Now that college is getting harder, I find myself in the library more and more. Unfortunately, the only gender-neutral bathrooms are in the library basement. So, even if I’m on the third floor studying, I’ll need to go all the way to the basement to use bathrooms that might not even be open. While these are very petty problems on the surface, like walking an extra couple hundred feet to another bathroom, it boils down to the deep rooting of the gender binary in our society and the accommodations made for trans individuals.
Going to the bathroom is a normal human function—so normal that it’s often taken for granted. When I don’t have the option to use a gender-neutral bathroom, I’m grateful to have someone to encourage me to go into the women’s bathroom with them. Being genderfluid/nonbinary in a society based around binary gender can seriously mess up your perception of yourself and the femininity you strive for, especially when the majority of popular, “desirable” reference points out there are airbrushed instabaddies. I don’t know if I “pass” or not as either gender on the bathroom signs, and going into a bathroom that’s for one gender and not another is sort of like going into battle in a clown suit. Knowing that there’s all these things that make me “not woman enough” (though even many cis women do have things like a square jaw, broad shoulders, and even facial hair) is something that makes me extremely self-conscious. So, if you have a trans friend who needs to use the bathroom, please try and accompany them and don’t make them feel like they’re overreacting, because if you don’t pass, you may be harassed assaulted, arrested, or worse. For me, it’s something as petty as having to walk a couple extra minutes to the bathrooms across campus, but for other trans people, it can be a much harder experience.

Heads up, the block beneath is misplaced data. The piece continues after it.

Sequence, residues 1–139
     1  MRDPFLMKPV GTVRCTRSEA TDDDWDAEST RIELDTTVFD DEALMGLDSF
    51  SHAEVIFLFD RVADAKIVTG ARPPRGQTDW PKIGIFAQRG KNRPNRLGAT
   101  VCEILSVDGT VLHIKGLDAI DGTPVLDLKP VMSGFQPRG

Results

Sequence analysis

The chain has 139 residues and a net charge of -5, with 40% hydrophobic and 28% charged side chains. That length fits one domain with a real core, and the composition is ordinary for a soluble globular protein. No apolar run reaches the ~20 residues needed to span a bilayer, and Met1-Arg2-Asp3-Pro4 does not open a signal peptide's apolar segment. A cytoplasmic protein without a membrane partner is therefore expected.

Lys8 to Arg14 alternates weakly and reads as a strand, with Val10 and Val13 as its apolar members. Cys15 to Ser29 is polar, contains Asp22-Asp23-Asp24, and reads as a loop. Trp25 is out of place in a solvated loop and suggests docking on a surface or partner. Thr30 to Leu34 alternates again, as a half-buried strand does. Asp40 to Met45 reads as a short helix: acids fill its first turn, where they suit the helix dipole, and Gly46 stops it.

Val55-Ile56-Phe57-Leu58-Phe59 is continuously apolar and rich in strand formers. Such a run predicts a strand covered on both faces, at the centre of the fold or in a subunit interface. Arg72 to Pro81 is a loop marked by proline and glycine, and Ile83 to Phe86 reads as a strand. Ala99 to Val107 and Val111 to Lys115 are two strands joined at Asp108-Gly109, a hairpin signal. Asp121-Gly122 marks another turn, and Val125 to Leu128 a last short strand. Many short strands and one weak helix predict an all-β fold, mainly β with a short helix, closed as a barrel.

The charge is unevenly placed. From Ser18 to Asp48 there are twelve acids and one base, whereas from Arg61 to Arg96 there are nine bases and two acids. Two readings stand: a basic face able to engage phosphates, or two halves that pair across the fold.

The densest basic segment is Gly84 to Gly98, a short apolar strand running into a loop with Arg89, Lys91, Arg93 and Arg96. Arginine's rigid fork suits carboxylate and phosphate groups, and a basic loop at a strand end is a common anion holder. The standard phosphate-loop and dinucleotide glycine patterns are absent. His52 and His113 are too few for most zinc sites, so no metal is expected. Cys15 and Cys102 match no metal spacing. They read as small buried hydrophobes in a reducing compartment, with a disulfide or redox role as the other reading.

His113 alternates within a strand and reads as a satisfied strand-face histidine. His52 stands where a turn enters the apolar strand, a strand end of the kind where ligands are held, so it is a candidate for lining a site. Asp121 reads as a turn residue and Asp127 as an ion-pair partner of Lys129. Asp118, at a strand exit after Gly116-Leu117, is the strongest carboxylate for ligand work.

I’m fortunate enough that I spend the majority of my time in places where gender-neutral bathrooms are available to me. While it sounds silly thinking about it, one of my biggest anxieties after college is where I am going to get a job that has a bathroom that I can use. It’s a signifier of a more tolerant workplace, and if it’s not there, there is a larger chance that I’ll have trouble at work. Whenever I’m not at school, I spend most of my time at my house or other people’s houses since I don’t feel like I can use a gendered bathroom. I’m reluctant to make plans with people because I don’t want to risk not having access to a single bathroom. It impacts my social life, my productivity, and my mental health. In many states, there are no laws against transgender discrimination, and a bathroom is just the tip of an insidious iceberg. From an outside perspective, it might just seem like a trivial issue by a person looking for a reason to be oppressed, but it’s more than just a bathroom. It can be a source of anxiety, or it can be a battlefield, but most importantly, it’s a right and a sense of freedom.